Bklyner Announces It Will Shut Down Unless It Hits Subscriber Goal by Dec. 31
Bklyner has announced it will close down coverage of its 11 neighborhoods in Brooklyn – the biggest borough in New York City – unless it can attain 3,230 digital subscribers by the end of December.
The completely voluntary basic subscription rate is $5 a month, with a $1.99-a-month “Community Subscription” for those who may not be able to afford the regular rate.
Bklyner’s knife’s-edge decision comes seven months after the newsy site collected four IPPIE Awards, including one for investigation and in-depth reporting. It also comes two months after DNAinfo and the Gothamist, which also covered Brooklyn and the rest of New York City, were shut down by their billionaire owner, Joe Ricketts.
Bklyner founder and Editor and Publisher Liena Zagare, who has tried a variety of business and editorial models over a decade to make community news work in Brooklyn, presents the stark facts about her publication’s 11-hour predicament in this Q & A:
What prompted your decision?
We ran the numbers and unless readers step up I simply do not see where the money is coming from. We cannot run a more efficient business, and we cannot have fewer reporters. In all fairness, we should have at least two or three more reporters to cover Brooklyn properly.
You say of Bklyner: “We are a local, independent news organization that believes in our communities, and in the power of local media to make neighborhoods stronger.” Does the citizenry of your communities see that connection clearly enough?
We are about to find that out. We are launching a massive push to get the 3,230 monthly subscribers which would allow us to stay in business and hopefully give enough time to grow into a mostly reader-supported news organization.
We used to have seven neighborhood news sites with super-engaged audiences, but we truly could not sustain the level of coverage and 35 social-media accounts. Local reporting is expensive, this city is expensive, and the money ultimately was not there.
So we consolidated everything into one site and cut half the reporters to buy some time. It affected what we could do and how we reported on news, but I think we have done an excellent job reporting on issues that matter along with some fun items and need-to-know stuff. It would be great to keep going and grow financially to be able to add more reporters.
Are you considering a metered system with a limited number of free views to encourage subscriptions?
I have considered metered systems, and I think those are great when you have an established audience. We are still growing and while I do not rule it out, I would prefer to keep information free and accessible for those who need it most.
Did the giant platforms, primarily Facebook, force your hand?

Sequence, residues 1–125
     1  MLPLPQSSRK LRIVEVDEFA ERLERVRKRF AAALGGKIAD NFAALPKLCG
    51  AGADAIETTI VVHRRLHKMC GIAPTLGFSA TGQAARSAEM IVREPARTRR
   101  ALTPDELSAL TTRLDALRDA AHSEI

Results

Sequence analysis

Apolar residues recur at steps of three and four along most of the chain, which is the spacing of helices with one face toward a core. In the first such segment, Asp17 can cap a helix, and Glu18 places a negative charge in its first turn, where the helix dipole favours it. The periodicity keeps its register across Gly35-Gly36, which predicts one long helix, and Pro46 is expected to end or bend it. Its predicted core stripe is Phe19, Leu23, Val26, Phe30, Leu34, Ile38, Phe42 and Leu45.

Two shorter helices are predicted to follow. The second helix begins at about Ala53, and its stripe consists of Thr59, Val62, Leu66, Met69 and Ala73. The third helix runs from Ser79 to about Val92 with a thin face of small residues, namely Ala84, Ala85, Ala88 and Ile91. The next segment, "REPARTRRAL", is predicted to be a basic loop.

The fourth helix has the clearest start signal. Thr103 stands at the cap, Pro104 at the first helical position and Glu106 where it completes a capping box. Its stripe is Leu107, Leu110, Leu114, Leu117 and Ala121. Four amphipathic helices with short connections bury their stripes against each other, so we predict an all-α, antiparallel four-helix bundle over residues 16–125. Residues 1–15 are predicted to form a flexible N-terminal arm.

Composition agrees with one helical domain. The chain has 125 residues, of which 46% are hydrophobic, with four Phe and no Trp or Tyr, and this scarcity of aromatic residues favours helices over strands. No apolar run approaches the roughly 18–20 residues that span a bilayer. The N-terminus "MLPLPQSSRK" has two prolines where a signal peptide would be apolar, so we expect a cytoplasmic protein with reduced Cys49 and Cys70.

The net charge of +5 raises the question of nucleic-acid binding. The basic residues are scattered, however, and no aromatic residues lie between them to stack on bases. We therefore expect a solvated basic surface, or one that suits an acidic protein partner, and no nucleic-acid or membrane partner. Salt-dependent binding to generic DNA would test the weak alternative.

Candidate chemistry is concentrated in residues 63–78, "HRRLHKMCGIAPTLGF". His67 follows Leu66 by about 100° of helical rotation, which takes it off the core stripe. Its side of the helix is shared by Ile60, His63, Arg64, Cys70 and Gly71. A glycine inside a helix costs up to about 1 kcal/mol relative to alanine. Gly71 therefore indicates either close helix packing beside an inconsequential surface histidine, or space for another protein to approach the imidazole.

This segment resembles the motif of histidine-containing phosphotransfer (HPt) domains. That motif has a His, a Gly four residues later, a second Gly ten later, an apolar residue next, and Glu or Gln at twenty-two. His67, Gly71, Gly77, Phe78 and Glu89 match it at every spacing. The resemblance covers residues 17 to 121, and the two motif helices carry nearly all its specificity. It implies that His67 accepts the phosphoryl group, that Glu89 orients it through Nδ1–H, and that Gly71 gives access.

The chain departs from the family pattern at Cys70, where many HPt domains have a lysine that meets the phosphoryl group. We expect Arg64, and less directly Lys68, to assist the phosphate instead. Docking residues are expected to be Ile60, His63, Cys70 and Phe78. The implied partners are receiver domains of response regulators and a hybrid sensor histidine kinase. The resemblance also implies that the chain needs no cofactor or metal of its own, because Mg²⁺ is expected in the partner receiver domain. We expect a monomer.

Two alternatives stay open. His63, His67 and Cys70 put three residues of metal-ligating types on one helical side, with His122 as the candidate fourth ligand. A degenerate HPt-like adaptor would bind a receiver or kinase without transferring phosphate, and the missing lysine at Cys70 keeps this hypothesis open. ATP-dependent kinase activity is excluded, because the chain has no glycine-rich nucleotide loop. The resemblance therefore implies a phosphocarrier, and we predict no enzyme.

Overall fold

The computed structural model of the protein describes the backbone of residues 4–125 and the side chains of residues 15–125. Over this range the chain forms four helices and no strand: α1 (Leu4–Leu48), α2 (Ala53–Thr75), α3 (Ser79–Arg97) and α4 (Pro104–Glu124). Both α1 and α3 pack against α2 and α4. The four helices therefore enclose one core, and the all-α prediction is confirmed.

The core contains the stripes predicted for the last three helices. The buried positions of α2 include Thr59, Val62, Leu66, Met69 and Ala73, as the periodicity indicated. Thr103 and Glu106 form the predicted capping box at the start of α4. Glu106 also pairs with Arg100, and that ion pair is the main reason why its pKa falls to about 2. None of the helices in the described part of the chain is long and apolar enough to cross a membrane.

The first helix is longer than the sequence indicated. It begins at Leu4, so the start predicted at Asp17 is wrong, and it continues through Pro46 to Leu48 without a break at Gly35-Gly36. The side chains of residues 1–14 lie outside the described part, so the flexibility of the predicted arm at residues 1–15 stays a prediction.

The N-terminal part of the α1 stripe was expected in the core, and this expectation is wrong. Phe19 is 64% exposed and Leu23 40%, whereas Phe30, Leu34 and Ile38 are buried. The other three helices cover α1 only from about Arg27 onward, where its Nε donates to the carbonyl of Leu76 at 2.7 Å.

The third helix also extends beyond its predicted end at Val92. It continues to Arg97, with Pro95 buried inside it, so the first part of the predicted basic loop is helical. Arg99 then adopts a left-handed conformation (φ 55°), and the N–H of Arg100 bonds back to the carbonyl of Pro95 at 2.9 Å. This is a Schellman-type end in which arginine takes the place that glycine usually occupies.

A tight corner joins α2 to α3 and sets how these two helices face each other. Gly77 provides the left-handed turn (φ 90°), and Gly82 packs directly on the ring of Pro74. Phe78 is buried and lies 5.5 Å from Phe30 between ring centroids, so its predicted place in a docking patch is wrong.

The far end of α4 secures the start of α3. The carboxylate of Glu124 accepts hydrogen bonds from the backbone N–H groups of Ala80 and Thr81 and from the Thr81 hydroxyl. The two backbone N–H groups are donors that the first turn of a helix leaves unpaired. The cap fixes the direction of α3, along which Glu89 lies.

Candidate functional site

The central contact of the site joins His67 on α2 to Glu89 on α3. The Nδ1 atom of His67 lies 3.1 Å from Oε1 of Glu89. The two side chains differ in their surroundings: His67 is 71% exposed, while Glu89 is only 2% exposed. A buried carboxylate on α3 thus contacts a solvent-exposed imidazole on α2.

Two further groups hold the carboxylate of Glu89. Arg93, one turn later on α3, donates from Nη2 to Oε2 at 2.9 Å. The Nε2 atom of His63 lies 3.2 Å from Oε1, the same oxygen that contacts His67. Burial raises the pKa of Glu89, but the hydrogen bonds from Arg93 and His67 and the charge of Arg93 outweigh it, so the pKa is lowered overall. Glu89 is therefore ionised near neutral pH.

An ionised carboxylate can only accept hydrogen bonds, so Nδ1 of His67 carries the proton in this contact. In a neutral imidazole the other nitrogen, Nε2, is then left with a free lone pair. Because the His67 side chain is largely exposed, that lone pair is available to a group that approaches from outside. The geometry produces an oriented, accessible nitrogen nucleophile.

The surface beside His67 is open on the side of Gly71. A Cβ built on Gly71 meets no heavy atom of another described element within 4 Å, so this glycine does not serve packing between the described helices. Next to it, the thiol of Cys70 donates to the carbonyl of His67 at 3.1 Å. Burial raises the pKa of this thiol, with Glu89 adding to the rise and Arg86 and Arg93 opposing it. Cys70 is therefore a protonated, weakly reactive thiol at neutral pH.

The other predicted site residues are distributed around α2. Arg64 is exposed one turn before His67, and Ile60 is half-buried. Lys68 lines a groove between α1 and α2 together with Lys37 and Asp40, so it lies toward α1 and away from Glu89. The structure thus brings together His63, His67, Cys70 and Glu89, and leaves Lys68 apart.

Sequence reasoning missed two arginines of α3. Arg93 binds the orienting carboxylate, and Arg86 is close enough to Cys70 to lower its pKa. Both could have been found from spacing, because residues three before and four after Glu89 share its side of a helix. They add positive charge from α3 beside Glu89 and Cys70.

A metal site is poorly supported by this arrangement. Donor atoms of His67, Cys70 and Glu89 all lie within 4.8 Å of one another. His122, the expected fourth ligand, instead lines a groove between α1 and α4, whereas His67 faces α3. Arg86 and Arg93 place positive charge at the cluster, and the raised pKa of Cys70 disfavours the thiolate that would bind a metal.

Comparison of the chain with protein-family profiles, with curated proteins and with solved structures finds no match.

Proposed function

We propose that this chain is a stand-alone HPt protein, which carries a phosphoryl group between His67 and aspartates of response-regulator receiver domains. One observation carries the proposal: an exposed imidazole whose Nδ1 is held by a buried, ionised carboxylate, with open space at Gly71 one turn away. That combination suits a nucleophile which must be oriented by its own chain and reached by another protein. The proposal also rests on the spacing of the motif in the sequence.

They took away a critical mass of local ad dollars. It was hard to watch our local advertisers move to Facebook and Instagram, though I really cannot blame them for doing so. The platforms can target niche clients way more specifically and possibly effectively than any news organization ever will.
You’ve been active in community news in Brooklyn for a decade, and tried different models. Based on everything that’s happened, up to the recent closing of DNAinfo and Gothamist, what model are you using now, and why?
I think that most everyone is in agreement that the remaining models depend primarily on reader support. What is up for exploring is whether there are enough readers in a given location willing to pay small amounts regularly for local news, and how much of the revenue depends on subscribers.
It takes time to turn readers into subscribers, and for us even if we did reach our goals for subscribers to keep going, we would need to depend at least in the short run on advertising revenue from New York City, local institutions and larger businesses. If we succeed in keeping the lights on, we can look at whether or not it would be beneficial to become a not-for-profit entity.
What happens if you do not get to 3,230 subscribers?
We will stop publishing at the end of December.
Looking at the past and present, what’s your outlook for community news in 2018 and beyond?
Right now, I am seeing a lot of incredibly dedicated and well-meaning people subsidizing local news for everyone. Whether it is a billionaire taking a loss each year to keep a media company going, or a neighborhood site that is subsidized by its writers who do not get paid, or a local paper that pays so little writers have to keep living with parents – someone is filling the gap, and for most part they can ill afford it.
None of those models is truly sustainable, and how much longer this current state can continue, I do not know. We saw what happened with DNAinfo.
I think we will see more calls for subscribers and reader-supported news models.
News is a public good, society at large benefits from quality reporting on issues big and small. I have been telling anyone that will listen that one way to help fund local news could be to levy a small charge on internet service providers that goes into a public fund for local news that gets allocated to local news organizations. Maybe one day.